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Concept-based Instruction in a Social Studies Classroom

Subject Social Studies
Level: Year 3
Name of teacher Lim Shok Hoon
Topic Culture, Community and Identity
Macro-concept 1.     Systems have elements that interact with each other to perform a function.

2.     Systems follow rules.

Enduring Understanding Societal harmony and dynamism may require members to adapt and adjust to cultural norms and beliefs
Essential Question(s) OR Guiding question(s) 1.     Must everybody conform for society to be harmonious?

2.     Should diversity be subordinated to commonality?

Curricular or Pedagogical Focus / Lens  

Concept-Based Instruction

The lesson was carried out after students attended either the Outward Bound School (OBS) Course or school-based Personal Effectiveness (PE) Workshop. Students would unpack how we were part of a larger society and that society seemed to influence our attitudes and behaviour.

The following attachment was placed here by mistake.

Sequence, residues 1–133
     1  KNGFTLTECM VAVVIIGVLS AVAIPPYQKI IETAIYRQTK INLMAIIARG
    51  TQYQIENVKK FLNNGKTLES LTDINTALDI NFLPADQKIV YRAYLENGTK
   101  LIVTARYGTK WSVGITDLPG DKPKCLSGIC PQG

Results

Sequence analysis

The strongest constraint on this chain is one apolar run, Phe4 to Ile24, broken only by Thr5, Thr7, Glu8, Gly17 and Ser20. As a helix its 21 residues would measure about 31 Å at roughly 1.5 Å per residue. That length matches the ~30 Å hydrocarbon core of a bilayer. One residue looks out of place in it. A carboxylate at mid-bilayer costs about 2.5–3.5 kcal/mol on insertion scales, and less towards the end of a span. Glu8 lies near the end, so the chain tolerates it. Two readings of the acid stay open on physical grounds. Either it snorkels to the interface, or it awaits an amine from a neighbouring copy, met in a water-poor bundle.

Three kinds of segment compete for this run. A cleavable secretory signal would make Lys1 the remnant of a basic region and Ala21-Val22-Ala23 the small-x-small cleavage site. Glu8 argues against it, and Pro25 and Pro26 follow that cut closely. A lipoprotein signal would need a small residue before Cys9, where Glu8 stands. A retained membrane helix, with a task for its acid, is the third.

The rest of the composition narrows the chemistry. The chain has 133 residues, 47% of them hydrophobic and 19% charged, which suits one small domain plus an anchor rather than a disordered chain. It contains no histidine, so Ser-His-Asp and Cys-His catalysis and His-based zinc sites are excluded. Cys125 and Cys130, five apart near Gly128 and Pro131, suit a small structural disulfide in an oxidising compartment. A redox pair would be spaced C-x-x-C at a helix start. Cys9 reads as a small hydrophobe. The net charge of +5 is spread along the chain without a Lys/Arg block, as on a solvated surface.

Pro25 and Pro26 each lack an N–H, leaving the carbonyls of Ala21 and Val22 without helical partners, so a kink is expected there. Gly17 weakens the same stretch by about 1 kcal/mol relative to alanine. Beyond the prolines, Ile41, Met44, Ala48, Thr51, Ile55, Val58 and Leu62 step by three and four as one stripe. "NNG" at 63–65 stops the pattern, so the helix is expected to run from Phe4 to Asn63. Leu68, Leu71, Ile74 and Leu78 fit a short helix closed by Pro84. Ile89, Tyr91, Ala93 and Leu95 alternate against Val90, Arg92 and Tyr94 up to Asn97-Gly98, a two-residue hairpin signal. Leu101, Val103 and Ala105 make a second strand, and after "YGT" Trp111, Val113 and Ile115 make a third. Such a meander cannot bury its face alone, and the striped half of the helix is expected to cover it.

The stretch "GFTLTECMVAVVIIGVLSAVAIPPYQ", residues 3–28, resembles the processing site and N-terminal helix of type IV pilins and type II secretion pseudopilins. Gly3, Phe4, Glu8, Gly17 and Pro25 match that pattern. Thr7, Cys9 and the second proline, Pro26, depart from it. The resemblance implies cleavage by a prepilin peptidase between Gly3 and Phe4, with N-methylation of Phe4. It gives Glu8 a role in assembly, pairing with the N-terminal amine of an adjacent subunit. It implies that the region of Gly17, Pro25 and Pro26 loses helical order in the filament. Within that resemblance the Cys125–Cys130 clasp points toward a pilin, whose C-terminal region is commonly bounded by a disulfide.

I recalled lessons students learnt last year, in which concepts like Culture and Identity were taught. Examples included “what were elements of culture” and “what constituted identity”.

During Lesson 1 and 2:

Students recapped OBS/ PE workshop experience and how this related to the issues of conformity/ non-conformity and social control. Students were divided in groups –OBS / PE workshop- and each group examined the OBS/ PE workshop by answering questions. They shared in their group, classified their thoughts into a question quadrant. They examined the dynamics of being in a group i.e. what were the benefits, issues, tension and harmony. The questions were as follows:

1) How are groups formed?

2) What would determine the ability of the group to:

  •        Get things done?
  •        Stay together?

3) Does focusing on the group help to:

  • Get things done?
  • Stay together?

4) What are some of these norms/practices that were cultivated during your OBS stint?

5) Did you agree or disagree with those norms/practices? Why?

6) Is the group more important than the individual?

  • Reasons for?
  • Reasons against?

From the sharing by students, they reflected how we were “subordinate” to a wider culture, that seemed to dictate our actions and beliefs. We all had roles/ expectations/ practices that governed our attitudes and behaviour in any given social situation. The roles and practices helped give us stability and functionality — a form of social control.

The students’ sharing helped me to frame the subsequent lesson on examining the concept of functionalism and harmony.

Posted by: Ms Lim Shok Hoon

Senior Teacher

Raffles Girls’ School

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